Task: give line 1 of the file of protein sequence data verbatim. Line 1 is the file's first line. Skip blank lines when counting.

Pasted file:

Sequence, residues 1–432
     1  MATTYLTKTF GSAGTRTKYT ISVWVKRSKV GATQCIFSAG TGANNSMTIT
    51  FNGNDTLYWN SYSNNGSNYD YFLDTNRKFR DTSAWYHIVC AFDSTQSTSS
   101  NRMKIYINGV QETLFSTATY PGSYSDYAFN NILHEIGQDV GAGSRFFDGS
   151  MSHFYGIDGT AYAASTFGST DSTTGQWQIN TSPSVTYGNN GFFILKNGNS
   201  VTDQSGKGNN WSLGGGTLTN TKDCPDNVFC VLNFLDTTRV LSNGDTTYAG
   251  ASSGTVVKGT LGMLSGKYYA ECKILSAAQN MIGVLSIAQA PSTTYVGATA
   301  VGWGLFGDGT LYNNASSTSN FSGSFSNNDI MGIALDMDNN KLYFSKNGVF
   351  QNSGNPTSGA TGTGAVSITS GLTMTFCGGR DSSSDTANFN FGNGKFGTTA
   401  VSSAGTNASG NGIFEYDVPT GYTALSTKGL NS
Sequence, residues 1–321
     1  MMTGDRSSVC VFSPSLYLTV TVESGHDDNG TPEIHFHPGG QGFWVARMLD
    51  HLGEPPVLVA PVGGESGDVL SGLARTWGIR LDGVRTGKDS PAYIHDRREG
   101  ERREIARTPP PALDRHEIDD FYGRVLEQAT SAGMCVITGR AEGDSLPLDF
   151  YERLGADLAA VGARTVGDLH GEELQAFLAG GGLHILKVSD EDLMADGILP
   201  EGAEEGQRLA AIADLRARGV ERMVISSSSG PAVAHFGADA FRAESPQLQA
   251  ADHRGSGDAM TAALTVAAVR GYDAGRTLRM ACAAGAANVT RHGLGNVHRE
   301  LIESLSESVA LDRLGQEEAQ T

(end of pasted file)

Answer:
Sequence, residues 1–432